How Is Teen Pregnancy Different for Homeless Youth?
“The Paradox of Homeless Youth Pregnancy: A Review of Challenges and Opportunities” (abstract). Stephanie Begun. Social Work in Health Care, Vol. 54, No. 5 (March 2015).
What it’s about: In this literature review, researcher Stephanie Begun looks into the causes and risk factors associated with pregnancy among homeless youth. For example, she discusses a small, but recurring trend of young women who seek pregnancy and parenting as possible solutions to their challenges. Begun also describes the negative effects of pregnancy on homeless youth more generaly, including emotions, actions, and behaviors that can stem from news of a pregnancy as well as common parenting challenges.
Why read it: Pregnancy rates among homeless youth are as much as five times higher than rates among their housed peers, Begun writes. Although attitudes toward pregnancy and related behaviors have been well-studied among teens in general, very little research has focused on homeless youth specifically. This review seeks to understand homeless young people’s complex reproductive and sexual health needs when it comes to pregnancy and parenting.
Biggest takeaways from the research: Begun’s review identifies multiple perceptions, causes, and risks associated with homeless youth pregnancies:
Pro-pregnancy Attitudes: According to Begun’s review, studies suggest that some homeless youth intentionally seek to become pregnant in order to:
- Access health care and other needed social services.
- Maintain or improve relationships with a partner.
- Feel loved and needed by another person, or to be “better” parents than their own parents and guardians.
- Feel motivated to make positive life changes like stopping drug and alcohol use.
Survival Sex: Studies estimate that 10 to 50 percent of homeless youth engage in survival sex, or the exchange of sex for food, clothing, or shelter. Some female homeless youth report engaging in survival sex to provide for their child(ren), Begun writes, and the majority report inconsistent or no use of birth control during survival sex, potentially leading to repeat pregnancies.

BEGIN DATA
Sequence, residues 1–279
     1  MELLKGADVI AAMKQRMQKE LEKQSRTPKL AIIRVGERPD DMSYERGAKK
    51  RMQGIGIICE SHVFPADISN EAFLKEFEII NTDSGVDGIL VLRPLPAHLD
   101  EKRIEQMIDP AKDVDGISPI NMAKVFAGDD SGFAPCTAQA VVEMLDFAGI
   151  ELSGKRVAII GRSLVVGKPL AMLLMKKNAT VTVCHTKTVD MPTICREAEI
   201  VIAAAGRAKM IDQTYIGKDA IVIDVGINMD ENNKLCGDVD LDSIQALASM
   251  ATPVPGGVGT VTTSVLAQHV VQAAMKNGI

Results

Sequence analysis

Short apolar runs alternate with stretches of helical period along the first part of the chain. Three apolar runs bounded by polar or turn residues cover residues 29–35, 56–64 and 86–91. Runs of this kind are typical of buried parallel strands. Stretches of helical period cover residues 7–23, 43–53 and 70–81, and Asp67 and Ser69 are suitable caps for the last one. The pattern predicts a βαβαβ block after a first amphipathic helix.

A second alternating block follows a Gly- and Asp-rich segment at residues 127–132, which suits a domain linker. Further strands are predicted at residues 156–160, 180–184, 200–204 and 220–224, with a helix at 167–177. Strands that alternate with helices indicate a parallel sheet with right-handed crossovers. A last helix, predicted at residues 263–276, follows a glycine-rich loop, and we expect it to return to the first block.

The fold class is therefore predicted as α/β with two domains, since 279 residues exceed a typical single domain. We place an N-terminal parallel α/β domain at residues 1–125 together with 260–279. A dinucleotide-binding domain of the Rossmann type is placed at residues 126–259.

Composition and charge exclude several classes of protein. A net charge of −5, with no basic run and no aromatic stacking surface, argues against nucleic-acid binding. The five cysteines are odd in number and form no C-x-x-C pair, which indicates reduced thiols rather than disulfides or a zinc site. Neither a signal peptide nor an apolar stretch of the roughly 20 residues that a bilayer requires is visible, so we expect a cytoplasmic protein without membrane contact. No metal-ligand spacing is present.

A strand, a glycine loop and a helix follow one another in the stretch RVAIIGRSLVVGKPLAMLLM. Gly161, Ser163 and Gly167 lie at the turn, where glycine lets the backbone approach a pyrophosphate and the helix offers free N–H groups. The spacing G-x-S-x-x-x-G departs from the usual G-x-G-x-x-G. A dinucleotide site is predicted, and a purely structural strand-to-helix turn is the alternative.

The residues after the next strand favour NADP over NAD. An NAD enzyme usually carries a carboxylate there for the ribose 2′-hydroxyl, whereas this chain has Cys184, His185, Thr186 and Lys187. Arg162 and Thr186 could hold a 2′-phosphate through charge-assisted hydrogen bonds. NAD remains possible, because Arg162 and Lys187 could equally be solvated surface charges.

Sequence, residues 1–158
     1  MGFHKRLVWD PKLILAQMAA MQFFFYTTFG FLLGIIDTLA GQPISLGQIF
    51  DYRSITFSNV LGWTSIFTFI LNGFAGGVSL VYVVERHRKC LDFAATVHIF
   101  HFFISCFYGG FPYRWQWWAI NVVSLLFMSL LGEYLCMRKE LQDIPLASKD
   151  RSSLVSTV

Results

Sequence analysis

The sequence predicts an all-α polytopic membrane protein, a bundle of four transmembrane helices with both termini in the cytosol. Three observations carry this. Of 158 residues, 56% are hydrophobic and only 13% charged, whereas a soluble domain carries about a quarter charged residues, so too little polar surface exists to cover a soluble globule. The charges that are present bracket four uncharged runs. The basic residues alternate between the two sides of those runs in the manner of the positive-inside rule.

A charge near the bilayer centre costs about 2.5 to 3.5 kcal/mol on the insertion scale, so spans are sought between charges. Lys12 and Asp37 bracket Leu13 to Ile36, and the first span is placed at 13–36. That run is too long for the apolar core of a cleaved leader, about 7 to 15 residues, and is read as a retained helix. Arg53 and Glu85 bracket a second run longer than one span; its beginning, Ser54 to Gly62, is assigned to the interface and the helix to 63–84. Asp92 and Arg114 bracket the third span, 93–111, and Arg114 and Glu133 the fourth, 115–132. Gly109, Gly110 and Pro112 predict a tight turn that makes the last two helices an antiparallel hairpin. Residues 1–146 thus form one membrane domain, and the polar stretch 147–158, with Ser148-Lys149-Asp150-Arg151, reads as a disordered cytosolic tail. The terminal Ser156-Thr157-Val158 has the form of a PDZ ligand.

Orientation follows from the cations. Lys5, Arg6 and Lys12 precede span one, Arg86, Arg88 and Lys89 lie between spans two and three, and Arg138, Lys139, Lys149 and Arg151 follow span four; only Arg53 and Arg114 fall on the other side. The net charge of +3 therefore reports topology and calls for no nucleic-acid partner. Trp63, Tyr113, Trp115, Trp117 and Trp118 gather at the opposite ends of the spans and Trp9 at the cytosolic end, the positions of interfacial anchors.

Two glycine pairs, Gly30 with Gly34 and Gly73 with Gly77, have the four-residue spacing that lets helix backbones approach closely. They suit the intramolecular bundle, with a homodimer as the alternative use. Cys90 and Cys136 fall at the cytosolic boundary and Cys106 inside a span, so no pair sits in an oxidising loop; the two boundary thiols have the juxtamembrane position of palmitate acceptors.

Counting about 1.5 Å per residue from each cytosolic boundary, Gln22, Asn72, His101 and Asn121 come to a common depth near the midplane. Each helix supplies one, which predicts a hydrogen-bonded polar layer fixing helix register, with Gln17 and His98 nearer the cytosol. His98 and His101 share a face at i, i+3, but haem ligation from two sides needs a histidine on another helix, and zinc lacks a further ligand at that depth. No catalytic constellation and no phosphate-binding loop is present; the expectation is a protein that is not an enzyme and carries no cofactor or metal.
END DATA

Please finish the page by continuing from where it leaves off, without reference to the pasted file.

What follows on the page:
HIV and Sexually Transmitted Infections (STIs): Homeless youth who engage in survival sex are more likely to contract HIV or others STIs, according to the studies reviewed. Additionally, the research showed that homeless youth have higher rates of HIV than their housed peers, even if they do not engage in survival sex.
Relationship Strain and Violence: Young homeless couples often experience deep strains on their relationships in cases where one partner desires pregnancy and the other does not, studies report. This disagreement can sometimes lead to physical violence.
Parenting Challenges: Many homeless mothers also report shifting from positive to negative attitudes toward pregnancy after giving birth, including sadness over losing their own childhood years to parenting or stress over raising their child(ren) in a shelter environment.
The author concludes that traditional pregnancy prevention strategies—which often focus on reducing the number of unintended pregnancies—may be missing the mark when considering the complex reproductive and sexual health needs and attitudes of homeless youth. More work is needed, Begun writes, to test and adapt evidence-based sexual and reproductive health interventions for this unique population.
You can also read research summaries like "Research Roundup: New Information About Homeless Youth and Unprotected Sex."
If you seek information on working with pregnant and parenting youth, take a look at “6 Tips for Connecting with Pregnant and Parenting Teens.”
Publications discussed here do not necessarily reflect the views of the National Clearinghouse on Families and Youth, the Family and Youth Services Bureau, or the Administration for Children and Families.